Time of bloom: May to June.
Seed-time: Fruit ripe in September, but persistent on the stems until winter. Range: Eastern and Middle United States. Habitat: Fence rows, thickets, and waste ground.
The peasant farmers of Europe, long before science had explained "the reason why," were very certain that wheat fields would be smitten with rust if Barberry bushes grew near by, and insisted on their extirpation. Doctor William Darlington, in his most instructive book on "American Weeds and Useful Plants" published in 1847, sarcastically mentions that "It was formerly a popular belief and one that prevails yet to some extent, that the Barberry possesses the power of blasting grain; the fallacy of this idea has been proved." But popular belief was right, nevertheless, for it is now known that the wheat-rust fungus (Puccinia graminis) passes one stage of its life on the leaves of the Barberry.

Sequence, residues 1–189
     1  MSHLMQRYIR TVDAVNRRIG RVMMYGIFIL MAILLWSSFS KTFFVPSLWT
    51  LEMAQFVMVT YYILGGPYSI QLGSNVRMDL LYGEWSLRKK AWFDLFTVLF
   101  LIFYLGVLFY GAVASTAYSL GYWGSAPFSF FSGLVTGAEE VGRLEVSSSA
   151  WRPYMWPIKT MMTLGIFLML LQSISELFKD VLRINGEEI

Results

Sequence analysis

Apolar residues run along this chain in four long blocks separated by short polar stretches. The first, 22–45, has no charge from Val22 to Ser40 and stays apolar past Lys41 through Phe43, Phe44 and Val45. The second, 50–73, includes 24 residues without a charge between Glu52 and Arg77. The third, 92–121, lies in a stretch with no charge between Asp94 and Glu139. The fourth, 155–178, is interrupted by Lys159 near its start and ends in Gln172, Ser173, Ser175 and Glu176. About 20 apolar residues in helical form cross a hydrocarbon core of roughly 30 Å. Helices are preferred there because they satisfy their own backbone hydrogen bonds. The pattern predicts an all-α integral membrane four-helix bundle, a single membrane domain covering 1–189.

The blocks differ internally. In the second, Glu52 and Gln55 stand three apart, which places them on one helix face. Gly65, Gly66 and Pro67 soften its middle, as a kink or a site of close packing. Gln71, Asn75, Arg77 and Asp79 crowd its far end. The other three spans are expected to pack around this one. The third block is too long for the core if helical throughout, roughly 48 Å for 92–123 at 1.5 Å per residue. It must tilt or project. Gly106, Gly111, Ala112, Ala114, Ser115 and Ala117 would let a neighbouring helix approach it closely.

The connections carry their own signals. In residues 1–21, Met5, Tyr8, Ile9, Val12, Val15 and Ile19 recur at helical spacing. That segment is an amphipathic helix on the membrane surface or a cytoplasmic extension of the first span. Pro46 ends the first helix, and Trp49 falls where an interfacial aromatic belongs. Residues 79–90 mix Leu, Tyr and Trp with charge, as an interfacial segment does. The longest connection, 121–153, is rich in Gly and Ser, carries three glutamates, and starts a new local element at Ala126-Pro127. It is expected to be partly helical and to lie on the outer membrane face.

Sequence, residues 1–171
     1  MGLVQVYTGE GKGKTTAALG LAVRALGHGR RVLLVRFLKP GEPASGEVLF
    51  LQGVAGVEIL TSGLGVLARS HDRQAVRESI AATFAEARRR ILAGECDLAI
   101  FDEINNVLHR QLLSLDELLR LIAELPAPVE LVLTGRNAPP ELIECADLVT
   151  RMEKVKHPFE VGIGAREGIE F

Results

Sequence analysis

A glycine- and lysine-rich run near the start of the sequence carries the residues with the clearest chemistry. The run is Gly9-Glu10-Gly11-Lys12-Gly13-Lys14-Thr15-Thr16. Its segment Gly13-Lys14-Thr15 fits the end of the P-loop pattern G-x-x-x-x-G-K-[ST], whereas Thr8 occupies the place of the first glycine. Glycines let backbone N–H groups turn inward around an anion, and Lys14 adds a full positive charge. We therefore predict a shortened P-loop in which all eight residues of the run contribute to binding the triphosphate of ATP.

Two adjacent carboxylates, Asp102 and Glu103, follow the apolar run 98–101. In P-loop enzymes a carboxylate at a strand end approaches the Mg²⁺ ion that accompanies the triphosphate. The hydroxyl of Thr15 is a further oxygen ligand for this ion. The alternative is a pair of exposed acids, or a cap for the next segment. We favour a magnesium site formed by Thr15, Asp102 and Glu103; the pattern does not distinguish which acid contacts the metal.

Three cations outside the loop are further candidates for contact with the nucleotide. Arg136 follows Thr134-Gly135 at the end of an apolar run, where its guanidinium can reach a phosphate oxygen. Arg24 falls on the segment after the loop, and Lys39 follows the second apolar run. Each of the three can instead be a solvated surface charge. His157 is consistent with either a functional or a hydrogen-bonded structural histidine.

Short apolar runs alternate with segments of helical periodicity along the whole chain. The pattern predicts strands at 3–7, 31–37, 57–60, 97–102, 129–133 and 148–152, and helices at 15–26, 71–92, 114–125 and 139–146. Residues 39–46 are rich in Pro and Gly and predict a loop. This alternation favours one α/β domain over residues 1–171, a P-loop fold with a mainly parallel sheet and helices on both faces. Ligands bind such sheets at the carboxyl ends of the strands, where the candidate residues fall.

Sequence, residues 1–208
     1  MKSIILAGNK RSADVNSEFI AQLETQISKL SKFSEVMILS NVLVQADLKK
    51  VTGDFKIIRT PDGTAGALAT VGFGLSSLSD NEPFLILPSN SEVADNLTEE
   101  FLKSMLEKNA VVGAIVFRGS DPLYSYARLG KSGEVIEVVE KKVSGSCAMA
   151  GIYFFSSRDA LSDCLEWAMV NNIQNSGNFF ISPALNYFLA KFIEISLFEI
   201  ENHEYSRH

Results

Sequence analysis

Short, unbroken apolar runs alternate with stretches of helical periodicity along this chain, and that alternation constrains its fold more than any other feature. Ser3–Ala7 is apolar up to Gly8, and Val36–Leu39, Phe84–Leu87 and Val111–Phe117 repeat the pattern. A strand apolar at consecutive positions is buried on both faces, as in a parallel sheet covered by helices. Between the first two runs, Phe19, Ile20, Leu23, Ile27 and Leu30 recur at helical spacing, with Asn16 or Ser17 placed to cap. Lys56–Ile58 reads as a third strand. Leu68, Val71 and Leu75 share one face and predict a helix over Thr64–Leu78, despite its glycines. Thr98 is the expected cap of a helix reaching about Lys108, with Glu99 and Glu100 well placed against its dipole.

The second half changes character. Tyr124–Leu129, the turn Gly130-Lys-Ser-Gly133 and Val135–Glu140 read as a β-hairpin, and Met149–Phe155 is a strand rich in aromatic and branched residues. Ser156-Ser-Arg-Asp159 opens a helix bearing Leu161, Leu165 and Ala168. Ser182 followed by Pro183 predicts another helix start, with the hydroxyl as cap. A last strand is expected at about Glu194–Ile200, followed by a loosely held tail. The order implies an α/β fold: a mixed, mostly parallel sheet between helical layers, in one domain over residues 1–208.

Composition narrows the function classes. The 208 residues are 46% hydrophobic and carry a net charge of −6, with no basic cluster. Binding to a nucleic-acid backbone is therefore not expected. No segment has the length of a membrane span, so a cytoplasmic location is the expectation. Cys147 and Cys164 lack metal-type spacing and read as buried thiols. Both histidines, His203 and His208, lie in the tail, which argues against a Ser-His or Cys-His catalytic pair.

The plant is a shrub, four to eight feet high; leaves alternate or fascicled, one to two inches long, obovate, obtuse, thick, smooth, bristly-toothed, growing in the axils of small, three-forked spines. Flowers in pendulous racemes, yellow, each with six roundish sepals, six petals, upcurved and with two small glands at the base, six stamens, sensitive, springing up against the stigma when touched. Fruit an oblong, scarlet berry; birds eat the fruit and void the seeds in thickets and along the fences, which accounts for the frequency of the plants in such places. (Fig. 115.)
Plants that menace the grain fields should be grubbed out and destroyed, but in the house grounds or the garden borders there is no shrub more graceful and attractive.